Poor Icarus

Turning away from Auden’s Icarus, if only for a moment.

What follows is my approximate prose rendering, line by line, of a poem written in Russian in 1984 or a little earlier. Its  author, Dmitry Shagin, is a major figure in the recent history of Russian arts and letters. The image in the third stanza played a pivotal role in the cultural movement Shagin co-founded in the 1980s. His original Russian sounds natural and simple yet at times idiosyncratic. The title roughly corresponds to Poor Little Icarus.

Everyone’s fattening up, worry-free, heartily,
They are having a good time, both humans and birds.
Only a minor splash from afar
Jack the plowman has heard.

The god-bearer couldn’t care less for poor Icarus’s howl –
He’s busy doing important work.
The sun is showering the earth with afternoon heat;
A boat is sailing to bring home some dough.

And little Icarus, poor fellow,
By all the bros forgotten,
Has but a pair of white legs sticking
Out of the cold green water.

For more on Shagin and the Mit’ki movement, one could turn to The Mitki and the Art of Postmodern Protest in Russia by Alexandar Mihailovic, and to The Soviet Icarus by Maria Tsantsanoglou (also accessible via academia.edu). I would recommend two excellent undergrad theses for an introduction into the Mit’ki, both incredibly well researched and freely available from the respective universities: by Casey Drosehn at Williams College (2007), and by Elias Hetko at Wesleyan University (2011).

It’s more or less obvious that Shagin’s little poem was a riff on Auden’s. Prof. Mihailovic believes that the author, a painter who also wrote pseudo-naive poetry,  probably mistook Auden for a young and/or unknown poet. I find such ignorance unlikely considering Shagin’s artistic background: both his parents (Natalia Zhilina and Vladimir Shagin) were non-conformist painters and Leningrad/St. Petersburg natives. This particular Auden poem appeared in Russian translations in at least two anthologies, in 1977 and 1984; the reader could not remain completely ignorant of its authors’ status in Anglo-American letters. I can imagine Shagin, a painter by heritage and training, having fun playing with a Russian version of an English poem set in a fine arts museum. I bet he was an irreverent young man – unlike Joseph Brodsky, who nearly idolized Auden.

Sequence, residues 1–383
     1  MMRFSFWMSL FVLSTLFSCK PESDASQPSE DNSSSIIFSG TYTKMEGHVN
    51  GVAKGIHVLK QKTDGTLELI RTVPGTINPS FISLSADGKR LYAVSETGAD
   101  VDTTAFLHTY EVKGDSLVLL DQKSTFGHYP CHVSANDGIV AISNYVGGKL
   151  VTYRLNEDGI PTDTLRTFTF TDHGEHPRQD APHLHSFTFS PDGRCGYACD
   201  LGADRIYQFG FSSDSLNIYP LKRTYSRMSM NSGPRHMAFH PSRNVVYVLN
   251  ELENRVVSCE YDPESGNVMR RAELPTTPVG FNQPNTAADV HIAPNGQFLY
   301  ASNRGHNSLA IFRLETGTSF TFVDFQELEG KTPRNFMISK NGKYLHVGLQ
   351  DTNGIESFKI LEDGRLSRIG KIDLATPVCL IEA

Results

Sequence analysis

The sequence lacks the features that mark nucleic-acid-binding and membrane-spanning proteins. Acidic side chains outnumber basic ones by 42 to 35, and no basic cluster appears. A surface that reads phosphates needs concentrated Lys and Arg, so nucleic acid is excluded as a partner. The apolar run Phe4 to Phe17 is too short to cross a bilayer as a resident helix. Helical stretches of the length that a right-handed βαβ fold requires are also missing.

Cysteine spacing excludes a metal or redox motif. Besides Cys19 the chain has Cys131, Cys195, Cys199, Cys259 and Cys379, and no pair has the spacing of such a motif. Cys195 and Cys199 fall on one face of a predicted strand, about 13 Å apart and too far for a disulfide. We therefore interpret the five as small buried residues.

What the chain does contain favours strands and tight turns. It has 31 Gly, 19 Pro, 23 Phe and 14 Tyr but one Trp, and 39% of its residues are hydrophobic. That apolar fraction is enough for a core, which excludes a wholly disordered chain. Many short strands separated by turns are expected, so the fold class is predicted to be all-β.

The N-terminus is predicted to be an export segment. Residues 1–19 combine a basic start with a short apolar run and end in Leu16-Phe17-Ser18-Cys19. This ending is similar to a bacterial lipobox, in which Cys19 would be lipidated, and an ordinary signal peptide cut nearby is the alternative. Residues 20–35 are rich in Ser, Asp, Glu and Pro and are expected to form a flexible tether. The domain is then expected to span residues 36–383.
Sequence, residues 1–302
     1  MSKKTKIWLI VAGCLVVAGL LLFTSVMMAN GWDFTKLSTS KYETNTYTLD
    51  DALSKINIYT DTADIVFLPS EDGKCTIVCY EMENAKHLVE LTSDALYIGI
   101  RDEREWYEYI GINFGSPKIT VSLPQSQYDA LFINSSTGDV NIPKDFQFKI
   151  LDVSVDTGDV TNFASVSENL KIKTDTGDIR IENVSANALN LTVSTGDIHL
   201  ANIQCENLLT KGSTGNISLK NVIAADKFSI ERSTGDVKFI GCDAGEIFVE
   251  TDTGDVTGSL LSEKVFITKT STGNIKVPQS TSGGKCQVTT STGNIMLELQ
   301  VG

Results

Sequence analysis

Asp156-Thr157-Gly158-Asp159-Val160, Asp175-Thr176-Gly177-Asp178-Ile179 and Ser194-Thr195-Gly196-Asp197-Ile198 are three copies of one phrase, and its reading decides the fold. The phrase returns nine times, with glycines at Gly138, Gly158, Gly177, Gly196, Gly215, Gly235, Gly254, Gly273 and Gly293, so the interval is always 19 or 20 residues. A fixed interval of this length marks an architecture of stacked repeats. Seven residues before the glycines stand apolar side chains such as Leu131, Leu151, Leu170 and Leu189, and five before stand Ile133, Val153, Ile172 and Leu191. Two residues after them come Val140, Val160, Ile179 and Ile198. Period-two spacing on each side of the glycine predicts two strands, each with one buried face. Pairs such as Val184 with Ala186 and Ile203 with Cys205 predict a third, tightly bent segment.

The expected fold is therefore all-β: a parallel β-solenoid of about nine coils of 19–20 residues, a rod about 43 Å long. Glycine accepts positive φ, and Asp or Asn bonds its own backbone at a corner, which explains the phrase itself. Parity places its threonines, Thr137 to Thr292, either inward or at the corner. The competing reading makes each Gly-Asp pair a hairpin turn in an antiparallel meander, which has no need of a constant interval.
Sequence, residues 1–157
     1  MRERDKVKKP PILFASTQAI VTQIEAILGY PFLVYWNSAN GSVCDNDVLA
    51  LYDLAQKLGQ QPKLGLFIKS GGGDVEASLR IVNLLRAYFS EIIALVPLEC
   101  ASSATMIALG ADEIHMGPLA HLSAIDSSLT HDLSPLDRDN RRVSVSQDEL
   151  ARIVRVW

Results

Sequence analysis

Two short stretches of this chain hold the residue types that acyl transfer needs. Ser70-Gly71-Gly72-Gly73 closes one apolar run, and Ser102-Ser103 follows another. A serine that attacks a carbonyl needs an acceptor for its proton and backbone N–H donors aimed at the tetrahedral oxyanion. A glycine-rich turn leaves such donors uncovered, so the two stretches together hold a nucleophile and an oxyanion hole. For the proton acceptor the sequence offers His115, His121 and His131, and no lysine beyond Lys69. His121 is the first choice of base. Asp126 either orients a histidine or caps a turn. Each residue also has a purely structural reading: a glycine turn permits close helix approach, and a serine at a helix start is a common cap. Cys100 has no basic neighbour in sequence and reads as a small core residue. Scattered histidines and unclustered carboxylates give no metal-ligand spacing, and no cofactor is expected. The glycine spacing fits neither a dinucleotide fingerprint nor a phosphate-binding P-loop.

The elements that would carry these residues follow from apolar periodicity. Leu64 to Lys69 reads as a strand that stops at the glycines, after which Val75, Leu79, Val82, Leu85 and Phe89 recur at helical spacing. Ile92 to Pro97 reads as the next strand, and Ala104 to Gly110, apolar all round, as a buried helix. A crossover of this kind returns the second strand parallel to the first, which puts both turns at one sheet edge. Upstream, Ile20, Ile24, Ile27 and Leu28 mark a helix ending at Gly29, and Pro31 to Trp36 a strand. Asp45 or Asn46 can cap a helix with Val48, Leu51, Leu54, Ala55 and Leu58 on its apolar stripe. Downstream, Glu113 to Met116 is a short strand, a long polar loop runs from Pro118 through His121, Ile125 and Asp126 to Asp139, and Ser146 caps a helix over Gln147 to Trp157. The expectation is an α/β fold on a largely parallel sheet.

Shagin further Russified the translation of Auden’s poem: “Jack the plowman” is a muzhichok, literally a little peasant of the Russian type. The term is a slightly condescending diminutive, unlike Auden’s neutral ploughman. The “G/god-bearer” is a disparaging reference to the late Slavophile view of the Russians as a (the?) God-bearing people. In Soviet ideology, the working class replaced the Russian nation as the locus of absolute goodness.

In addition, Shagin turned Auden’s expensive delicate ship into korablyushka, using one of those diminutive suffixes that would soon become the hallmark of Mit’ki-speak. The vessel became a so-so shiplet, vaguely contemptible, which I tried to render by downgrading it to “boat.”

As for poor little Icarus, Shagin would resuscitate him in a sequel poem by the warmth of his brotherly affection: the fallen man, it appears, is not so much drowned as stuck headlong in a cesspool of muck, as heroes are wont to be.

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